If Elizabeth Newlun wanted to have a serious conversation with her son, John Brown, she had to shoot baskets with him.
"There's nothing athletic about me, but I realized that you have to get into other people's comfort zone to get information," said Newlun, of Rogers, Ark., explaining that her son, an Air Force technical sergeant, was a "gentle giant" who "just loved anything physical, anything athletic."
Newlun said her son played football and basketball in high school and went to John Brown University on a swimming scholarship. He had wanted to go into the medical field and become a nurse anesthetist, but decided to join the military after seeing a video of a special tactical unit, she said.
The airman was a paramedic and ready to attend to the medical needs of anyone who was rescued, his mother said.
Arkansas state Rep. Jon Woods went to high school with Brown in Siloam Springs and remembered playing basketball and watching "Saturday Night Live" on the weekends.
"When you think of what the ideal model of a soldier would be, he would be it," said Woods. "He could run all day."
Aaron Carson Vaughn was a man of deep faith, insisting to his family that he didn't fear his job as a Navy SEAL "because he knew where he was going" when he died.
"Aaron was a Christian and he's with Jesus today," Geneva Vaughn of Union City, Tenn., told The Associated Press on Saturday. "He told us when we saw him last November that he wasn't afraid ... he said, `Granny, don't worry about me.'"
"He was a tough warrior, but he was a gentle man."
Geneva Vaughn said her grandson, 30, joined the SEALS straight out of boot camp and was already a decorated fighter when he was asked by the Navy to return stateside to become an instructor. But he applied to SEAL Team 6 after two years, earning his way onto the squad in 2010.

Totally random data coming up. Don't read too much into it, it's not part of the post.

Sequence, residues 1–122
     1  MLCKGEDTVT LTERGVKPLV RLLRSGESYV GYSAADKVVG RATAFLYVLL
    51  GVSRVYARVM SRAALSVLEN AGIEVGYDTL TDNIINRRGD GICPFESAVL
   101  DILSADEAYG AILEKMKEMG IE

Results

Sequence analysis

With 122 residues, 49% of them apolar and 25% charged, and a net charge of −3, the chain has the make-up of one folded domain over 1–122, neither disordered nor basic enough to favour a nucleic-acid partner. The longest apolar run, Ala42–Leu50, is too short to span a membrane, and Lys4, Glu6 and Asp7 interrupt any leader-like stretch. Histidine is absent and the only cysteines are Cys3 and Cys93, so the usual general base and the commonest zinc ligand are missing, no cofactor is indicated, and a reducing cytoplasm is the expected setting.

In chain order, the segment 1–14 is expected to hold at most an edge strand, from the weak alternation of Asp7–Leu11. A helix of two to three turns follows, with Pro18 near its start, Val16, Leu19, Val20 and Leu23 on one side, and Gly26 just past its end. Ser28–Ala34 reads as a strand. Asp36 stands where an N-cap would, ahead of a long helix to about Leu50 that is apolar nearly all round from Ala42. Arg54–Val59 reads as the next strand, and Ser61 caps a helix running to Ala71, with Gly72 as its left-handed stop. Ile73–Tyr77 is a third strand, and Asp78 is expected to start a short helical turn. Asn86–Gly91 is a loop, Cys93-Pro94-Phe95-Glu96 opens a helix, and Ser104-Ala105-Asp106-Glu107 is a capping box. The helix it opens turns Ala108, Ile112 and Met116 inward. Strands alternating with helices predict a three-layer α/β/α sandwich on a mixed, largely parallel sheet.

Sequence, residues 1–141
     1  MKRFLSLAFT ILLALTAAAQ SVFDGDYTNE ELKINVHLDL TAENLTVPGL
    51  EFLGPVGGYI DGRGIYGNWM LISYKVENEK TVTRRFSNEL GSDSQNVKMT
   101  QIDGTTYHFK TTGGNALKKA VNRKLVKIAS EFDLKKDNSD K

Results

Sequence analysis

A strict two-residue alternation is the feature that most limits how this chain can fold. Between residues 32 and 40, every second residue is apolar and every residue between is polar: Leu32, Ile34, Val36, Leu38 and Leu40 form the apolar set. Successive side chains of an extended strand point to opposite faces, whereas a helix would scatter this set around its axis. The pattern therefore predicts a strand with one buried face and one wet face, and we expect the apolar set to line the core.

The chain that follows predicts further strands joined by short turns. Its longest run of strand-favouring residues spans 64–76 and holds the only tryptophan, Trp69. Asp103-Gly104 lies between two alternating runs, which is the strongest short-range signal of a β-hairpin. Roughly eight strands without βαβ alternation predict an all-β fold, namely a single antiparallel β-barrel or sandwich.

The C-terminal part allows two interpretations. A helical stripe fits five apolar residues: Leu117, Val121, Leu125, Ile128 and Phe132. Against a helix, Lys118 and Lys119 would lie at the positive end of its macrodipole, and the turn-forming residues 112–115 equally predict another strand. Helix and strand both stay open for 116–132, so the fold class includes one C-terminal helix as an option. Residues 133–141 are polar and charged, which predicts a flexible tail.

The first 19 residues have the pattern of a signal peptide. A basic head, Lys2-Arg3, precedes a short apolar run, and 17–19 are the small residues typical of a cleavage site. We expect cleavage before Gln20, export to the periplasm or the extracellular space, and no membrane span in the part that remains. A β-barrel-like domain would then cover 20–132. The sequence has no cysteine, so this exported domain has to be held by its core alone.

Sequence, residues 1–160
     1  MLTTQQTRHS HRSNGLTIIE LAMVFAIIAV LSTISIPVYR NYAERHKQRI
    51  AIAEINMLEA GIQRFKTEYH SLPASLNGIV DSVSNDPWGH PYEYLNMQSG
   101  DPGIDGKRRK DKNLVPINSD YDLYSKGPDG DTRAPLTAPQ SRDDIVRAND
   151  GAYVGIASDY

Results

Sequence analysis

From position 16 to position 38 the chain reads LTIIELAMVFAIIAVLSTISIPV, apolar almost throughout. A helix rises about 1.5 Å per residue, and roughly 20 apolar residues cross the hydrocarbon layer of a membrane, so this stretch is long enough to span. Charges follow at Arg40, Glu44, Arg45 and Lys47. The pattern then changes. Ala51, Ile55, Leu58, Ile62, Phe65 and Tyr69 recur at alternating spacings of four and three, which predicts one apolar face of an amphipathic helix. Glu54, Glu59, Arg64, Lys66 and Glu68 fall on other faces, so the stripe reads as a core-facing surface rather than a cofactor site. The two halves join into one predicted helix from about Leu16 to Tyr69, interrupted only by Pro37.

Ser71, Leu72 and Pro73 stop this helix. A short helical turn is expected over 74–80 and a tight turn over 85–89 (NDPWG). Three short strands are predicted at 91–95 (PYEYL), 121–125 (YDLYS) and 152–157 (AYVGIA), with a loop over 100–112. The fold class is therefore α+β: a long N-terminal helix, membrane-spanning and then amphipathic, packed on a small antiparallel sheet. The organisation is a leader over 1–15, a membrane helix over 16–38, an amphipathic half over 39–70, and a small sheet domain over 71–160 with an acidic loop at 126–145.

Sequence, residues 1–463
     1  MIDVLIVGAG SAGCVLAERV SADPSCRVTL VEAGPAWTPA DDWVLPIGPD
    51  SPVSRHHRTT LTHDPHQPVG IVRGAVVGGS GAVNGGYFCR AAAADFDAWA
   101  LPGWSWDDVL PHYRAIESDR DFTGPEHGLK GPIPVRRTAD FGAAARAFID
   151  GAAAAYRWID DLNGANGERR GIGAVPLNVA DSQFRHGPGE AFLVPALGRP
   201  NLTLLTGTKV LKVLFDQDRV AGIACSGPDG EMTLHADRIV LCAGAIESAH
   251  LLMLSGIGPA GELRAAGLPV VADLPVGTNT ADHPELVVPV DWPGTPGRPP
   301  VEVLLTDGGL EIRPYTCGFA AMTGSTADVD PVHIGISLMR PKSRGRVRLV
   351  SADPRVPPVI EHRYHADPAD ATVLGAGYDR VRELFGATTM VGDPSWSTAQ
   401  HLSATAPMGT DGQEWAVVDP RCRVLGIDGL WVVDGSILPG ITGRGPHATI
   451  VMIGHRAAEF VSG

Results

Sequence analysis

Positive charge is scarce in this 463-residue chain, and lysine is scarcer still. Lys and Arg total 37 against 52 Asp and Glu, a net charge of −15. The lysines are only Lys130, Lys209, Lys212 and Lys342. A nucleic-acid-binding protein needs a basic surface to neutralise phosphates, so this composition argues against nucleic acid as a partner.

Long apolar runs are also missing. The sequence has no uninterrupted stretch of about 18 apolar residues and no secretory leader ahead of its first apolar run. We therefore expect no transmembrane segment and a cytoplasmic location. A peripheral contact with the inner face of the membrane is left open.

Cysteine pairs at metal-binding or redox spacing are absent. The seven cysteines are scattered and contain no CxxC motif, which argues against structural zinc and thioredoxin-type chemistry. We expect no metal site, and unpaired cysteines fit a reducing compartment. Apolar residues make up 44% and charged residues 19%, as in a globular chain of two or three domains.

He asked the military to return him to combat and shipped out just six weeks before he was killed, Vaughn said.
"He was doing what he loved to do and he was a true warrior," Geneva Vaughn said.
Aaron Vaughn leaves behind his wife, Kimberly, and two children, 2-year-old son Reagan and 2-month-old daughter Chamberlyn.
Robert James Reeves and Jonas Kelsall had been childhood friends in Shreveport, La., where they played soccer together and graduated from Caddo Magnet High School, Kelsall's father, John, told The Times of Shreveport and KLSA-TV.
Both joined the military after graduation, though the 32-year-old Reeves spent a year at Louisiana State University first, his father, Jim Reeves, told the newspaper.
Reeves became a SEAL in 1999 and served on SEAL Team 6, his father said. During his many deployments, he earned four Bronze Stars and other honors.
Kelsall, 33, was one of the first members of SEAL Team 7, his father said.
He trained in San Diego and met his wife of three years, Victoria, when he was attending the University of Texas out of Basic Underwater Demolition training, his father said.
Reeves placed several American flags outside his home and his neighbors joined in, many decorating their homes in red, white and blue in support of the families.
Associated Press Writers Timberly Ross in Omaha, Neb., Chris Talbott in Nashville, Rochelle Hines in Oklahoma City and Ron Todt in Philadelphia contributed to this report.